We next compare the pure TLS model in turn to a more complex model with no TLS but containing one ADP, Biso, for each atom. The conventional R factor yielded by refinement is nearly the same for both models, but Rfree is considerably higher for the more complex model (Table 1). Therefore, in this case examination of the conventional R factors already indicates that the more complex model is not justified. Let us see what the Hamilton R-factor ratio test indicates. For this test case RG(1)/RG(2) = 1.04 and the criterion in (4) could only be satisfied for values of wADP very near its limiting value Natoms/NADP_restraints (Fig. 2b). However, we know that wADP is not near the limiting case of fully constrained Biso values, because that would correspond to a model in which all ADP values are nearly equal. That is, the limiting case of maximal wADP is equivalent to the model with a single overall description Uoverall, which we have already considered and rejected. For values of wgeom and wADP away from their limiting maxima, the Hamilton test indicates rejection of the more complex model with individual Biso parameters in favor of the simpler pure TLS model.
This set of tests does not inevitably yield the same decision (that one should use a pure TLS model) when applied to other 3 Å resolution structure refinements. Although we selected 3hzr as representative, it has at least two features that are atypical. Its solvent content is 56%, which is higher than average and results in a slightly higher number of observations per atom than most 3 Å resolution structures. This would tend to increase our expectation that the more complex Biso model might be statistically justified. Counteracting this tendency, the structure exhibits atypically extreme overall anisotropy (Amean = 0.30, σA = 0.15), perhaps owing to loose lattice packing. The simple TLS model allows description of this anisotropy, whereas the more complex Biso model does not. This raises the question whether in this particular case the Biso model is a failure not because of the larger number of parameters, but because it fails to account for anisotropy. We will next test whether a more complex hybrid model that includes both Biso terms and TLS terms is statistically justified.
It has become increasingly common to model the ADPs in a macromolecular structure using both an individual Biso parameter for each atom and some form of TLS model to describe anisotropic displacement of those same atoms. Let us continue examination of the 3hzr refinement to evaluate the justification for such a hybrid model at the low end of the resolution range where it might be applicable (Fig. 3a). The simpler model in this case is the same pure TLS model with one TLS group per chain used in Fig. 2(b). The more complex model in this case includes these same TLS groups and in addition contains individual Biso terms for the protein atoms. The surfaces in Fig. 3(a) are remarkably similar to that in Fig. 2(b) and the conclusion is the same. The more complex model is statistically justified only if we believe that the Biso parameters are so tightly restrained that they are close to functioning as constraints.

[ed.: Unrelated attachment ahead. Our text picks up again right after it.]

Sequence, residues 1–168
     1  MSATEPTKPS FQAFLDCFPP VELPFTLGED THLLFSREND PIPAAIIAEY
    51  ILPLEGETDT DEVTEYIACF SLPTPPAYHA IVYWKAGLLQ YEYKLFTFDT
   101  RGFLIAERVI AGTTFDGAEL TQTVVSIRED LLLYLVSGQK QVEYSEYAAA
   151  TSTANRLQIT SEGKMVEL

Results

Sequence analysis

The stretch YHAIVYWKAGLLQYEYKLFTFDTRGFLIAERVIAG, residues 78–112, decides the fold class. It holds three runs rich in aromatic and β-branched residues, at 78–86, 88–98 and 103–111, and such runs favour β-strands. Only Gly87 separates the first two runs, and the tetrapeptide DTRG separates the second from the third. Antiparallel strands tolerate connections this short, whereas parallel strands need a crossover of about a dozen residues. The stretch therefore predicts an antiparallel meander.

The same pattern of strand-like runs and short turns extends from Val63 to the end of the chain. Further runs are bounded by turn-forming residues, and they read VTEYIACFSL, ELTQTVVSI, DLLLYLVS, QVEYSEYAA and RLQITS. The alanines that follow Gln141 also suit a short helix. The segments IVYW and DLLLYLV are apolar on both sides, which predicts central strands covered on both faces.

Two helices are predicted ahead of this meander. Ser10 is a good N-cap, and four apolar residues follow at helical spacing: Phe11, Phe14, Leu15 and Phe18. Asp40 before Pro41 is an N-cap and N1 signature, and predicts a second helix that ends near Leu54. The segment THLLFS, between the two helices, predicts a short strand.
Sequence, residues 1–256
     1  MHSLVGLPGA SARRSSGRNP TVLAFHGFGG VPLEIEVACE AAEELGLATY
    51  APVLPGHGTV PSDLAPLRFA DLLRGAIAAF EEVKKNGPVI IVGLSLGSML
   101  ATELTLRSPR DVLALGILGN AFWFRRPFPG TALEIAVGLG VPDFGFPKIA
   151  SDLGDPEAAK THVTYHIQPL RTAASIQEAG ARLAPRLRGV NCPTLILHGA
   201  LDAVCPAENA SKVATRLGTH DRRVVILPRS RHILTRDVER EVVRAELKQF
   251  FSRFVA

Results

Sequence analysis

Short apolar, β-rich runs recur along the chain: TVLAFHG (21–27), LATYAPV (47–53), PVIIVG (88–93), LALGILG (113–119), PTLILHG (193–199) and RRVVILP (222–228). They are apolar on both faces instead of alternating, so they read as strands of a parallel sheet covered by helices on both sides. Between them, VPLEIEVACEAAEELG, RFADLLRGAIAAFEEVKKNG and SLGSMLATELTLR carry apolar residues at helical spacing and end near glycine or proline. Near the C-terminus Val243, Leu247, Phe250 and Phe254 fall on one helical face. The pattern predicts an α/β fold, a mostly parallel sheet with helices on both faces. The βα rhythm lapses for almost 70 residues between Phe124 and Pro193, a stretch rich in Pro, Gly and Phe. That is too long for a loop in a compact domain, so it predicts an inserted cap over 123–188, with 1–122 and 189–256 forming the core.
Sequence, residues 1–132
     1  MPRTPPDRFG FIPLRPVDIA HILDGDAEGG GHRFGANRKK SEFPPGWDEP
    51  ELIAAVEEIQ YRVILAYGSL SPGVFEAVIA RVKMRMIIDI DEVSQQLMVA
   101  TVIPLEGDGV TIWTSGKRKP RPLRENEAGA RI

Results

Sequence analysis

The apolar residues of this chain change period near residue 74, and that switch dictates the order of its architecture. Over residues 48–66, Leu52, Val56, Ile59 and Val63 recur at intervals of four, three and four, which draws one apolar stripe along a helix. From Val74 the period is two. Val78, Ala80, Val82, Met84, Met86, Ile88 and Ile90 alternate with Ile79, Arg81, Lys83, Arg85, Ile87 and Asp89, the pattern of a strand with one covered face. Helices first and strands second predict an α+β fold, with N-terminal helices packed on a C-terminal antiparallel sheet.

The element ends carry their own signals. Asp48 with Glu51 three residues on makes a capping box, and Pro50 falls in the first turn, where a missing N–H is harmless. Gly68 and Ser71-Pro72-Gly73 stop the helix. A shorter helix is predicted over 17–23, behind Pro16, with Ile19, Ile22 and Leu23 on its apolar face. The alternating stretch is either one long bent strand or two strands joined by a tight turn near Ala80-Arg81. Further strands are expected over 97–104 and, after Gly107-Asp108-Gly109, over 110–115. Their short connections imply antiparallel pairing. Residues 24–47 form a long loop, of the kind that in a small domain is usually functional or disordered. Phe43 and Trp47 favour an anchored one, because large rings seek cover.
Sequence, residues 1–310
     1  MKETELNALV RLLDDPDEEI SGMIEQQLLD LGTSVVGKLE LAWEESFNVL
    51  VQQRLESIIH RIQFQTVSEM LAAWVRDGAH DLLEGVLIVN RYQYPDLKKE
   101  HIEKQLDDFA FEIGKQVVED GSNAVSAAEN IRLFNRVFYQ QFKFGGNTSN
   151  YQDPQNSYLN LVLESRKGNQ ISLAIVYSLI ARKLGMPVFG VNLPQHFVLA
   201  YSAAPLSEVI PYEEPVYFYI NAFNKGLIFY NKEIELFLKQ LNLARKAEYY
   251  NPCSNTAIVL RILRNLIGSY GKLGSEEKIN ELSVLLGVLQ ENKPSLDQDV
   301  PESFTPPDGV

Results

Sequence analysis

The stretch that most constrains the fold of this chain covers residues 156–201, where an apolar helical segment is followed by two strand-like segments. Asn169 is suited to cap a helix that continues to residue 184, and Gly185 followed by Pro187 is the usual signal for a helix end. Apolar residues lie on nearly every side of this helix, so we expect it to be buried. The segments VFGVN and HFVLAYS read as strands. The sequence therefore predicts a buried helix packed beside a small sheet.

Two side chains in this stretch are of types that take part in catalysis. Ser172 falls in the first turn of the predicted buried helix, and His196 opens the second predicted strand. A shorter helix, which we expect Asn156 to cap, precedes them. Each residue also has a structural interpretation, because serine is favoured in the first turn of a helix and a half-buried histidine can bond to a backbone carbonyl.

Fig. 3(b) shows the application of the same significance test using as a test case the structure of a homolog to 3hzr that was determined at 2.32 Å resolution (PDB entry 3m5w ; Center for Structural Genomics of Infectious Diseases, unpublished work). The refinement statistics for 3m5w are given in Table 2. In contrast to the case of 3hzr , the hybrid model for 3m5w is superior to the pure TLS model with one TLS group per chain for all possible restraint weights except the unrealistic set wADP = wgeom ≃ 0 corresponding to unrestrained refinement.
It may seem natural to use an analogous significance test to determine whether or not it is justified to add a TLS description to a model that has already been refined with individual Biso parameters. However, the Hamilton R-factor ratio is only a weak test for this purpose because the change in the overall number of parameters is very small. That is, there are typically already thousands of ADP parameters; adding 20 more for each TLS group is a very small incremental change. For a structure with thousands of atoms per chain, associating an additional 20 TLS parameters with each chain will yield a test criterion [DF(1)/DF(2)]1/2 on the order of 1.001. Thus, according to the R-factor ratio criterion, the addition of TLS can be justified by any marginal improvement in the residuals. In the particular case of 3m5w , the simple TLS model describing each protein chain by a single TLS group yields only a slight improvement in the conventional R and Rfree (Table 2) and the corresponding Hamilton R-factor ratio is only RG(1)/RG(2) = 1.01. Nevertheless, this is larger than the test criterion for all possible values of the effective restraint weights, justifying acceptance of the hybrid model.